When married or common-law spouses decide to purchase a home, one or both of the spouses may ask their parents or other family members to help with a down payment. When this money is a gift, there is often no consideration at the time the gift is made as to what happens to those funds in the event of a separation. If there is no marriage or cohabitation agreement in place when spouses separate, one spouse may claim half of the value of the home without accounting for the down payment which may have been paid or partially paid by a third party.
In order to protect money gifted by a third party such as a parent, the spouses and the parent may consider signing an agreement which states, for example, that upon a separation the house will be sold and the money given towards the down payment will be repaid to the parent before the remainder is divided between the spouses. Another option is to register a mortgage on the title of the property in the name of the third party in the amount they intend to give in order to protect that money from becoming entangled in a family law dispute in the future. When the house is sold the mortgage will be paid out first.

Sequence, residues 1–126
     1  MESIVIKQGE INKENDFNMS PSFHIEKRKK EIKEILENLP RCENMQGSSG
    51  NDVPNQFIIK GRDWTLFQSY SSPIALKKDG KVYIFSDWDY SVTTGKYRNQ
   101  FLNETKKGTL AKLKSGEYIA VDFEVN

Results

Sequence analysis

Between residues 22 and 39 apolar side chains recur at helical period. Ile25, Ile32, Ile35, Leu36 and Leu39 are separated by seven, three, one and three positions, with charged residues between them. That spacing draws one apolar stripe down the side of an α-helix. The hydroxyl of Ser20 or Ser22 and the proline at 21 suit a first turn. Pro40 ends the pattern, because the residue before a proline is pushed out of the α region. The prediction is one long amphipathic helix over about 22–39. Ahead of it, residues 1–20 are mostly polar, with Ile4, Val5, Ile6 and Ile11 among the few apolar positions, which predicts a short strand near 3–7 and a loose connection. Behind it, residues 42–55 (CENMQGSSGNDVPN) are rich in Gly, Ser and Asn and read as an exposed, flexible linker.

A simple and reliable solution to protect a gift from a third party is to have a marriage or cohabitation agreement drawn up by a lawyer which sets out what assets each spouse will keep in the event of a separation and how shared property will be divided. Each spouse will obtain independent legal advice and will be able to not only protect gifts from family but also any assets they owned prior to the relationship that they wish to keep as their separate property in the future.
Deborah A. Todd